If you’ve ever wanted a battery-operated soldering iron and you just can’t stand the thought of buying one, you might check out the video below from [Just5mins]. In it, he takes a candy tube, some scrap materials, a lithium ion battery, a nichrome wire, a USB charger, and a switch and turns it into an apparently practical soldering iron.

Paradoxically, [Just5mins] used a soldering iron to build this one, so it probably can’t be your only soldering iron, although we suppose you could figure something out in a pinch. Maybe in rep-rap style, make a poor quality one with no soldering and use it to solder up the next one.

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Semisolid Lithium Ion Batteries Promise Better Cars, Solar

Lithium-ion batteries make possible smaller and lighter electronics. Unfortunately, they are also costly to produce. In a conventional lithium-ion battery, many thin layers create the finished product much like filo dough in baklava. A startup company called 24M thinks they have the answer to making less expensive lithium-ion batteries: a semisolid electrode made by mixing powders and liquid to form an electrolyte goo.

Not only will the batteries be cheaper and faster to create, but the cost of the factory will be less. Currently, 24M has a pilot manufacturing line, but by 2020 they expect to scale to produce batteries that cost less than $100 per kilowatt hour (today’s costs are about $200 to $250 for conventional batteries). Under $100, the batteries become competitive with the cost of internal combustion engines, according to the article.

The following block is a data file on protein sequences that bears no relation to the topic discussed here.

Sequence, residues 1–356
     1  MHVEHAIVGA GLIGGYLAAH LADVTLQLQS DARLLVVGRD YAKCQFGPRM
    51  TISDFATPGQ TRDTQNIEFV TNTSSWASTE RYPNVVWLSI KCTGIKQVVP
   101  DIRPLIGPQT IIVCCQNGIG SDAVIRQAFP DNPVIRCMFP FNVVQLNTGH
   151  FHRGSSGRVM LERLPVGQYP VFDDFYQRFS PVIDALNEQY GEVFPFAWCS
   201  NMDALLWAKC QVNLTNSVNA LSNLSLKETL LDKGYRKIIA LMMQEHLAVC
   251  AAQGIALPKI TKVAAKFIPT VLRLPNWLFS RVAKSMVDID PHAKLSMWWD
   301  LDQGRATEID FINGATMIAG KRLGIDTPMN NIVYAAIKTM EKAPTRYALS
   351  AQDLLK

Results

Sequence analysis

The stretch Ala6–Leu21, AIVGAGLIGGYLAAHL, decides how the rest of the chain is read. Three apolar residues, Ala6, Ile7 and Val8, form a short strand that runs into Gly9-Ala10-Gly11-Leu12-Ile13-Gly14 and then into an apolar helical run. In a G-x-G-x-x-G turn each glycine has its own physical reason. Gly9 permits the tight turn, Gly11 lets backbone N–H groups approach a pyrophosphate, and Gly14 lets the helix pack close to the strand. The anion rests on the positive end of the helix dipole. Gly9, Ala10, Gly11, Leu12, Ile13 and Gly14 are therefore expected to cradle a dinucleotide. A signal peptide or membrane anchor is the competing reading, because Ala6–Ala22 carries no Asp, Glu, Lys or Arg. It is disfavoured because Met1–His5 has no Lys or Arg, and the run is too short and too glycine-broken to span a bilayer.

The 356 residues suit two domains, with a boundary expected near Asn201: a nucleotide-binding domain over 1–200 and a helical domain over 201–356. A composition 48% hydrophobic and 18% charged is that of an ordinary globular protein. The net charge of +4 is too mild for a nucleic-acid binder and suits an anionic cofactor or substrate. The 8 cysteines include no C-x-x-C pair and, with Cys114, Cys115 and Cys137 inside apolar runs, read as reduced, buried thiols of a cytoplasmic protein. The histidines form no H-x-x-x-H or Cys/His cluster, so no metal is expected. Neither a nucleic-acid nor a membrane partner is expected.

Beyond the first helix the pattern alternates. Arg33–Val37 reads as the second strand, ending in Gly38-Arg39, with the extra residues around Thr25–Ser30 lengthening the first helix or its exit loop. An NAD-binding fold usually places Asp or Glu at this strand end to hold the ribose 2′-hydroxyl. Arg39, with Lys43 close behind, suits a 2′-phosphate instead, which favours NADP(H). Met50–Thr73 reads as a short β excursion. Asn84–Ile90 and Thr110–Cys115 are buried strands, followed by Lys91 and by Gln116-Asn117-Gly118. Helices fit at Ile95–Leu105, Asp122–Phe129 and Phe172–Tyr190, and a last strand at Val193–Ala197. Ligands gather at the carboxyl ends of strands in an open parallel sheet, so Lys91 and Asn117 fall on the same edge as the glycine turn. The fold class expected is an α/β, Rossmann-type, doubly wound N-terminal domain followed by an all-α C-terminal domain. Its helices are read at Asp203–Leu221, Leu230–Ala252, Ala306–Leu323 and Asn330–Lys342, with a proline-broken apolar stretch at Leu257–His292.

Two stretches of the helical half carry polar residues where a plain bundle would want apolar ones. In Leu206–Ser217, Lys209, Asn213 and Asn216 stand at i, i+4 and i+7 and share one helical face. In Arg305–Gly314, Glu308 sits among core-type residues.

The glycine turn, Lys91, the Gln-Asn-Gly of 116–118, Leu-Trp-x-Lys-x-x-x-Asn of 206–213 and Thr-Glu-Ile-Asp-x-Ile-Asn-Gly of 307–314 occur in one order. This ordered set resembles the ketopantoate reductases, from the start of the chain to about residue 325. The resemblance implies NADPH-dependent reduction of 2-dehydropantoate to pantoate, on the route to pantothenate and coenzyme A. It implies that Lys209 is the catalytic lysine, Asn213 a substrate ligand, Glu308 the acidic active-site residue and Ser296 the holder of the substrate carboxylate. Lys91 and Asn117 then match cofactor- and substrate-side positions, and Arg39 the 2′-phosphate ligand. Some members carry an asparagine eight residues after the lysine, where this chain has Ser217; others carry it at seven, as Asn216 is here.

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Safely Creating A Li-Ion Pack From Phone Cells

[Glen], at Maker Space Newcastle Upon Tyne, is refreshingly honest. As he puts it, he’s too cheap to buy a proper battery.

He needed a 1AH battery pack to power his quadcopter controller and FPV headset, and since inadequate discharge warnings had led him to damage lithium polymer cells with these devices, he wanted his pack to use lithium-ion cells. His requirements were that the cells be as cheap, lightweight, and small as possible, so to satisfy them he turned to a stack of mobile phone cells. Nokia BL-4U cells could be had for under a pound ($1.46) including delivery, so they certainly satisfied his requirement for cheapness.